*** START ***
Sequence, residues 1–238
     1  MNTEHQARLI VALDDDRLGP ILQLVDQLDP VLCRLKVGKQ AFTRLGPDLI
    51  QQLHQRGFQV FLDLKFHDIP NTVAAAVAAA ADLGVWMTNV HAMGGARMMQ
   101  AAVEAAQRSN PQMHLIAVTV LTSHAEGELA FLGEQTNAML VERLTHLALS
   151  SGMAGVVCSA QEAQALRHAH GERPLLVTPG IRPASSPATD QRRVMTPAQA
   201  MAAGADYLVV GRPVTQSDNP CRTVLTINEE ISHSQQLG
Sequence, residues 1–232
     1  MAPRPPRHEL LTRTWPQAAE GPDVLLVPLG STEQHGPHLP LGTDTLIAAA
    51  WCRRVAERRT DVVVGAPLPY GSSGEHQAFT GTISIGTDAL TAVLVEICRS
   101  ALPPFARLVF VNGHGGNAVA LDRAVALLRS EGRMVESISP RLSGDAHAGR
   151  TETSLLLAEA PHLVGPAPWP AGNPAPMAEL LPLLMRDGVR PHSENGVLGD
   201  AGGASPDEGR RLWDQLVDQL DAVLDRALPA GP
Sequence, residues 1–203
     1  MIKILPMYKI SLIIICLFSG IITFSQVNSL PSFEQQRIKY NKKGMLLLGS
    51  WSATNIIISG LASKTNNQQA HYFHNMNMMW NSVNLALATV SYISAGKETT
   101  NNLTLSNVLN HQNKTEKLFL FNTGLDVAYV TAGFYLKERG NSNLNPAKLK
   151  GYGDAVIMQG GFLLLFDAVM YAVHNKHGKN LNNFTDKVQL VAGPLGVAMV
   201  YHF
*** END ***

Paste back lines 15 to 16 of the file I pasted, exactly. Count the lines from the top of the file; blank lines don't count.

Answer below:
    51  WSATNIIISG LASKTNNQQA HYFHNMNMMW NSVNLALATV SYISAGKETT
   101  NNLTLSNVLN HQNKTEKLFL FNTGLDVAYV TAGFYLKERG NSNLNPAKLK